* This one came to me while on a bus ride home from the LMD. I don’t think it’s mine originally, but I can’t get it out of my head and think a lot about it. What is implicit in all of this is that “trauma symptoms” are not just the sole purview of severely traumatized people or populations. Some seem to me to be heightened awarenesses that arise out of experience; suggesting that trauma is not a “you have it or you don’t” kind of thing, but more that it exists on a continuum where we all have some and the amount can vary with time and experience. (Realize that I have strayed into the theoretical here….but why not, we are speaking of the popular theoretical ghost, “PTSD”). Most of these much discussed “PTSD” related symptoms (and they looked different in times past e.g. mutism, trembling, deafness, paralysis, blindness…….hmmm, if “shell shock” in WWI and WWII equates to “PTSD”, I wonder why this would be?) seem to be constructive ways of conducting oneself in uncharted territory; for example, the symptoms of dissociation and numbing. While they no doubt can be automatic responses, they also appear to be purposeful ways of “getting by” and with a history of success. In my mind these so-called symptoms might be better termed as “coping skills”. And what do you know, a term has been developed to describe them as such; i.e. “coping ugly”. Didn’t we expand on this term in a recent post?

*Seems I have spent more time on a topic that I recently pledged not to. However, I must admit that all the (ill-informed?) chatter in the area of traumatic responses does get my juices flowing. Please allow me ( just a moment……how the hell would you stop me?) to finish on this note. It seems that the “diagnosis de jour” (i.e. “PTSD”) is not much more than a grab bag of contextless symptoms (perhaps mitigated by secondary reinforcement……… on both sides of the desk?); anyone’s informed and careful reading of the DSM, and the “state of the art”, would arrive at this conclusion. It is my opinion (and the opinion of others more learned than I), that these contextless symptoms are unrelated to the complexities of people’s lives, the contexts in which they live, and the social structures that define them. The result is an individualizing of social problems and the pathologizing of traumatized people; to the neglect of human contexts and normal human responses. What then are we to make of the present “PTSD” craze being propagated by both mental health professionals, who should know better, and their misinformed patients who are looking for answers to explain their pain?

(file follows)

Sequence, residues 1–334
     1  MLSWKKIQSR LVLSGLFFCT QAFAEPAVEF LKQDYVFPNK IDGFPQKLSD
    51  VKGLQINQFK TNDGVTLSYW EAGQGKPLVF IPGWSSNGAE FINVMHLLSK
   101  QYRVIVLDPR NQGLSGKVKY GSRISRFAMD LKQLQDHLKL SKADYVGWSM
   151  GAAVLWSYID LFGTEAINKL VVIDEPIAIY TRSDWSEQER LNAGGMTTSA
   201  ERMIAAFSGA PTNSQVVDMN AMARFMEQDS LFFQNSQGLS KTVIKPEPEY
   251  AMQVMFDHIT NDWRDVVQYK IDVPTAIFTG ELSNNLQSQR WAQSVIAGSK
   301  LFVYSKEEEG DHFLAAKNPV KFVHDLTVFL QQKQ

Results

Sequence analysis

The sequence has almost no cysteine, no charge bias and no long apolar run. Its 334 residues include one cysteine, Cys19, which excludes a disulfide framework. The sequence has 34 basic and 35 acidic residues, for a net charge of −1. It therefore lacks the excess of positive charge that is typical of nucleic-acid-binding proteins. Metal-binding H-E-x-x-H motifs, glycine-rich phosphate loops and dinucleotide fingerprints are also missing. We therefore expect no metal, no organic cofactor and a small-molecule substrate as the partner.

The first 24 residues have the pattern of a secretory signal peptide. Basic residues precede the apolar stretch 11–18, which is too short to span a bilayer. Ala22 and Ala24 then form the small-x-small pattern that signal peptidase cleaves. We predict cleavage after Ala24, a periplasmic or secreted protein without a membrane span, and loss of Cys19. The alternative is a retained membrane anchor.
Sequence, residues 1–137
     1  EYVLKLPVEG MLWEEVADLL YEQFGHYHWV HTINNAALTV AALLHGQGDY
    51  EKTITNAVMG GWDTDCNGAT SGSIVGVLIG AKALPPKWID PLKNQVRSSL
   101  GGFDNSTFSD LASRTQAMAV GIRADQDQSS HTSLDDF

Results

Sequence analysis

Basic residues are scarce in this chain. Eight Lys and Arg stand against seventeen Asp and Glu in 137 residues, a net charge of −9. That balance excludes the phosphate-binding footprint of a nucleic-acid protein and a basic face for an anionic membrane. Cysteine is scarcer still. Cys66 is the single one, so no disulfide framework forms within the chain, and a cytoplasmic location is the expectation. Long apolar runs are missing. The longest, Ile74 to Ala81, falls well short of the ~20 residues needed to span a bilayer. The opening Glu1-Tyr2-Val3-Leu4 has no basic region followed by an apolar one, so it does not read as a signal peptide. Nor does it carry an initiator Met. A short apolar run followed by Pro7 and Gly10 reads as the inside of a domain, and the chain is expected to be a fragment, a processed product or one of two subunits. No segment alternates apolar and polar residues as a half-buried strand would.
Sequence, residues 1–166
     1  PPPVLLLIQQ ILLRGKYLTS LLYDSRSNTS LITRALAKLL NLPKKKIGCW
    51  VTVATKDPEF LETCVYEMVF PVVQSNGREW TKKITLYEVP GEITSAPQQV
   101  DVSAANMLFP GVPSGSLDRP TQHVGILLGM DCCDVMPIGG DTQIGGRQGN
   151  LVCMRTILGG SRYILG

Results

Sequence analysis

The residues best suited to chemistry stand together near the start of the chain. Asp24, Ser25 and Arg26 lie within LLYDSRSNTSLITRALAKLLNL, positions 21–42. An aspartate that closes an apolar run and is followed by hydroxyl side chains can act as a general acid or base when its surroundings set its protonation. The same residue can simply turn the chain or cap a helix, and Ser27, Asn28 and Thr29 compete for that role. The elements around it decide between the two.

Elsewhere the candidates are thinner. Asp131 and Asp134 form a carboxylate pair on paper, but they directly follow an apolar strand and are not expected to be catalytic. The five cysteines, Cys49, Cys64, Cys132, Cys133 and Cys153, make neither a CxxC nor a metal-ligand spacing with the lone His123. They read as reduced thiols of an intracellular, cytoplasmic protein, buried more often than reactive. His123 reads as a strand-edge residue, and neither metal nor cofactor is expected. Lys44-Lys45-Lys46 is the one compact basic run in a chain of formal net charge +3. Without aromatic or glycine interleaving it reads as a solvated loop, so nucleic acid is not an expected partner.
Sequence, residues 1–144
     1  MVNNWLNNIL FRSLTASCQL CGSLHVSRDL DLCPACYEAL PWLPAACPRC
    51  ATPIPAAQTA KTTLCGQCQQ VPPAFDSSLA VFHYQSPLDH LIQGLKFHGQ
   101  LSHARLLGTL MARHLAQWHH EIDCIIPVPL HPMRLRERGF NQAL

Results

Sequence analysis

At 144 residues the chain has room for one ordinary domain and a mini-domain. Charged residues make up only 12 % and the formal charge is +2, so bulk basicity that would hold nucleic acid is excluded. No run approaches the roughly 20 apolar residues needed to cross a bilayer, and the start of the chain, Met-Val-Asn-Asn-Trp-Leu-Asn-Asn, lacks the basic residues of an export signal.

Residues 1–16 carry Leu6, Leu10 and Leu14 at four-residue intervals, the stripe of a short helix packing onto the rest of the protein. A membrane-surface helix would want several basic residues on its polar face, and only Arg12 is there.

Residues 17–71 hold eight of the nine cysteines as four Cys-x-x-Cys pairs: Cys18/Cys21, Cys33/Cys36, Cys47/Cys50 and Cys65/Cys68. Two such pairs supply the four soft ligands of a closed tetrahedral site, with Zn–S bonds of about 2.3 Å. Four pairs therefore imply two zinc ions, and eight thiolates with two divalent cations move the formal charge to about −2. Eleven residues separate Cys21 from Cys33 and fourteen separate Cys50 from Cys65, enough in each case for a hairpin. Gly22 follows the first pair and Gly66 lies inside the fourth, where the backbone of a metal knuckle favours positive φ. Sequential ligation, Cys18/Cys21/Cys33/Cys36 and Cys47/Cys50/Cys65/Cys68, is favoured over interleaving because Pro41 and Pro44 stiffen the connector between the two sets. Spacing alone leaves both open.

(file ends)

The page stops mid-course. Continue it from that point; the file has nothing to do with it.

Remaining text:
Well, there you have it. I admit I am trying to provoke you (do ya’ think?) into engaging with each other as this blog was meant to do. I’m hoping to sit back over the ensuing days and read your thoughts. (Do you suppose we will see this article posted on some of the other blogs related to emergency personnel; and presently obsessed with the “diagnosis de jour”?). I will leave you with a quote from one of my favourite people:


Dr. Mike Webster
Reg’d Psychologist

  1. Anonymous permalink

    I think I need to caution those that believe that MPPAC will change the RCMP. This has nothing do with being anti-union or because of my feelings about the MPPAC and how it’s affected my role within the RCMP. Why I’m speaking is because I’ve worked in a unionized environment that managed it’s employees the same way the RCMP does. Threats and intimidation are common place and having a union doesn’t change that. The RCMP won’t change with or without a union unless there is a desire to change or they are forced to change. I’m afraid many are going to be sadly disappointed when things just continue on as they do now. Bullies permeate through out the entire organization from constables through to the senior ranks. This isn’t going to change just because a union comes in. Our Public Servants are unionized and yet they still get bullied. I don’t think things will ever change until recruiting changes and employees are held accountable for their behavior. You can’t have a respectful workplace when nobody within the organization even understands what that means.

  2. Here’s a few;

    Go Back to Go Forward
    To Serve, Protect & Lie; THE NEW POLICE NORMAL
    TORONTO: Const. JAMES FORCILLO is found guilty of ‘ATTEMPTED MURDER’
    but that might be temporary.

    The problem is how we define (COPs); Community-Oriented Policing.
    Maybe we should change the name to better suite the force and the times, that would certainly be a change in the right direction, if nothing else will.

    All I can say is smile and people keep those cameras rolling.

  3. Bourque, Clarence : Attempted Murder – File: 2008-239460

    During the early morning hours of June 2, 1981, Constable Clarence Bourque, a member of the Shediac Town Police Force, was on patrol. At approximately 1:15 a.m., Cst. Bourque observed a male individual walking (stumbling) on Main Street near the high school. Cst. Bourque believed the individual was intoxicated and subsequently approached him. Upon being asked, the individual returned to the police vehicle with Cst Bourque but refused to get in and ran. Cst. Bourque gave chase and when the individual stumbled and fell, Cst Bourque attempted to handcuff him. A struggle ensued, during which the individual got a hold of Cst. Bourque’s revolver and shot him at least three times. The individual left the scene in the police vehicle which was later located semi-submerged in the waters of the Northumberland Strait at Cap Bimet, N.B.

    Should you have any information on the attempted murder of Clarence Bourque, please contact the RCMP Major Crime Unit (South) at 506-452-3491 or Crime Stoppers at 1-800-222-TIPS(8477).